Swine become infected with this parasite by eating scraps of infected meat, or the offal of their own kind, or by eating infected rats. The rat, through its cannibalistic propensities, becomes infected frequently, and is one of the chief factors in the wide dissemination of the disease. Human infection is practically accidental and self-limited; biologically speaking, man as a host does not enter into the calculations of the parasite.

Treatment of established trichiniasis infection is palliative, not truly remedial. The parasites, once inside the body, cannot be materially affected by the administration of any drug. While cure of trichiniasis is thus difficult, if not impossible, prevention is very simple. The thorough cooking of all food is sufficient to preclude infection. This relatively simple means of destroying the larvae is a more certain as well as less expensive method of preventing infection than is the laborious microscopic examination of the tissues of every slaughtered hog. In Germany between 1881 and 1898 over 32 per cent of 6,329 cases of trichinosis that were investigated were traced to meat that had been microscopically examined and passed as free from trichinae.[92] On the other hand, thorough cooking removes all possibility of danger.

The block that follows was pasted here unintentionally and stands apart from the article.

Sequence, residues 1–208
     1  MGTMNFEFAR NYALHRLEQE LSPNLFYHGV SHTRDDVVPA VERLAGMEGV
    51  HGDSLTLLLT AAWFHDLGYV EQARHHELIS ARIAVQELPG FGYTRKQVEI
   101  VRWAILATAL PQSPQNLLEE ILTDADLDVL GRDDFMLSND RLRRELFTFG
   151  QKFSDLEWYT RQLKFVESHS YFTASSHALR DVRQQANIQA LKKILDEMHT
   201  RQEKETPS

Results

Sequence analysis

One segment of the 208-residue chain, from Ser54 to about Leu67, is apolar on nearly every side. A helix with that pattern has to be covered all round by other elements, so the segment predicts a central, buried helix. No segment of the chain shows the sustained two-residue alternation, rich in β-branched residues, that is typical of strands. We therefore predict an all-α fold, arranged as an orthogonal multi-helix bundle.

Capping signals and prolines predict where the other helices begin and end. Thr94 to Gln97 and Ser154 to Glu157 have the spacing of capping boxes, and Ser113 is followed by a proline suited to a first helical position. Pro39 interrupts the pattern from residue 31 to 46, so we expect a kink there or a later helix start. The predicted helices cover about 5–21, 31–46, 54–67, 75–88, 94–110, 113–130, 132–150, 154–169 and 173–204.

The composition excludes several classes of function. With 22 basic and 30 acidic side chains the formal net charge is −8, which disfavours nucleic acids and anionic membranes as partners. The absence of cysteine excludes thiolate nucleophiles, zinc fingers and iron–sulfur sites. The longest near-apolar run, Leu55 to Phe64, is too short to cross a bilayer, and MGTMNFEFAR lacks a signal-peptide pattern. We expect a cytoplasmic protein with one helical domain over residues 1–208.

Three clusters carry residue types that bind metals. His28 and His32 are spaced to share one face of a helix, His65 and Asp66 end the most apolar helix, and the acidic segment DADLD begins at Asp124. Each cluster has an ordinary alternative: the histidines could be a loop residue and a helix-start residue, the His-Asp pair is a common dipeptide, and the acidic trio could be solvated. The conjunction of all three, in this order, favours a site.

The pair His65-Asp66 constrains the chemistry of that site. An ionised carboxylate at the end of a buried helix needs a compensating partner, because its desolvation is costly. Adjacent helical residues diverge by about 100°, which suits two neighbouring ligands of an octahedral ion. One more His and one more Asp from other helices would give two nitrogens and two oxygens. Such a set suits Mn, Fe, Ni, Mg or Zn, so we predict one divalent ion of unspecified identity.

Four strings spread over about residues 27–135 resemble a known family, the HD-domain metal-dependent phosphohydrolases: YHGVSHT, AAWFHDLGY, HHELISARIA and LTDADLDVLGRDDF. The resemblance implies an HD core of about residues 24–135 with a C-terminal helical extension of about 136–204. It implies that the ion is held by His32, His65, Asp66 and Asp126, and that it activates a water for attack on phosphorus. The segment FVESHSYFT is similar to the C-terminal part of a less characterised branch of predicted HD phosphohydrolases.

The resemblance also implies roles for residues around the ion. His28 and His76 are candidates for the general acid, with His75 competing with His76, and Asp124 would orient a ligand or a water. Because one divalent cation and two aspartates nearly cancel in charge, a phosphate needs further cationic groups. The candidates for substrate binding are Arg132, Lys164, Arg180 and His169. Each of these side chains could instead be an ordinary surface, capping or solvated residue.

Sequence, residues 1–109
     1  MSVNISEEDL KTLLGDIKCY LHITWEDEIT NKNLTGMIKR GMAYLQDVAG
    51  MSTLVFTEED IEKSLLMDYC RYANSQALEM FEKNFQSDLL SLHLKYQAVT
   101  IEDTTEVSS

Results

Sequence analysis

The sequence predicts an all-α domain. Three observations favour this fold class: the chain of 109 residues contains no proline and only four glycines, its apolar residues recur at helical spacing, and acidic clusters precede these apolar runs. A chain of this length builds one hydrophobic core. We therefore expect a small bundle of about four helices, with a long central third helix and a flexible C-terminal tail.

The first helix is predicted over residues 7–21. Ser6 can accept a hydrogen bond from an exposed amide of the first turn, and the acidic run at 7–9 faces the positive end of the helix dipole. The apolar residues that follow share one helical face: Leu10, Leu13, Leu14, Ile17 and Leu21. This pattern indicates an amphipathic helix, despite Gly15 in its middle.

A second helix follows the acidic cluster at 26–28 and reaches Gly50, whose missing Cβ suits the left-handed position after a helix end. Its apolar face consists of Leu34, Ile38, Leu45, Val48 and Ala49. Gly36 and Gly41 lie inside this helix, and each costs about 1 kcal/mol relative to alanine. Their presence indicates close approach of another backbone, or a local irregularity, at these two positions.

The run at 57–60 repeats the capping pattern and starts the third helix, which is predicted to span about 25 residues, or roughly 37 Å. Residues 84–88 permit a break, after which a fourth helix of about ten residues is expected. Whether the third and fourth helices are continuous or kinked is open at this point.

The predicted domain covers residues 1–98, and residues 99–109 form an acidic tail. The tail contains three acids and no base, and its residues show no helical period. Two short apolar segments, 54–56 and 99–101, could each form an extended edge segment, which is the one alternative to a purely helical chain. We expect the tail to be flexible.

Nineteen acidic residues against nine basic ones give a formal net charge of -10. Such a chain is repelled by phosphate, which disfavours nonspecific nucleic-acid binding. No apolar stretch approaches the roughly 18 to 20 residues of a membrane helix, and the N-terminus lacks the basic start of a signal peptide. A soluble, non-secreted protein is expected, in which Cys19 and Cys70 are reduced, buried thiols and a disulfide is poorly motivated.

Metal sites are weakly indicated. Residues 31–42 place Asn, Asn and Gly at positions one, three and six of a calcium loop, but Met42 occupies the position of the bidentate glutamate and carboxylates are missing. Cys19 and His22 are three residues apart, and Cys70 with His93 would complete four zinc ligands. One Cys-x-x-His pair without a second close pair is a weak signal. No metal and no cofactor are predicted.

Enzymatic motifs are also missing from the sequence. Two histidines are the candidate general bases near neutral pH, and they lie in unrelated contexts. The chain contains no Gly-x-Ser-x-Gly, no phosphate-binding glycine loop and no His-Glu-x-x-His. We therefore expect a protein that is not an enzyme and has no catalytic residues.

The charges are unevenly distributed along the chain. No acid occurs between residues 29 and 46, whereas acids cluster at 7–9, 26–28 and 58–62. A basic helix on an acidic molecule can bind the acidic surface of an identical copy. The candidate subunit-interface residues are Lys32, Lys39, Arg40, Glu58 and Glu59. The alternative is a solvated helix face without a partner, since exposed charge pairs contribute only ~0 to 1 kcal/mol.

Various tapeworm or cestode infections are contracted by eating meat containing the parasite. Particular species of tapeworm usually infest the flesh of specific hosts, as Tenia saginata in the beef and Tenia solium in the hog. The dwarf tapeworm, Hymenolepis nana, develops in rats, and the human infections with this parasite occasionally observed are probably caused by contamination of food by these animals.

Fig. 8.

Fig. 8.Cysticercus cellulosae in pig's tongue. (After Neumann and Mayer.)

Sometimes the existence of the tapeworm in man is restricted to the alimentary tract and the symptoms vary from trivial to severe, but sometimes (Tenia solium) the larval stage of the tapeworm invades the tissues and becomes encysted in various organs (brain, eye, etc.), where, as in the case of cerebral infection, it may result fatally. The encysted larva of Tenia solium [p.83] was at one time regarded as an independent animal species and named Cysticercus cellulosae. The condition known as "measly pork" is produced by the occurrence of this encysted parasite.

So-called hydatid disease is due to the cystic growth produced by the larva of a species of tapeworm (Echinococcus) inhabiting the intestine of the dog. Human infection may be caused by contaminated food as well as more directly by hands soiled with petting infected dogs. Several varieties of tapeworms infesting fish, especially certain fresh-water species, may be introduced into the human body in raw or partly cooked fish.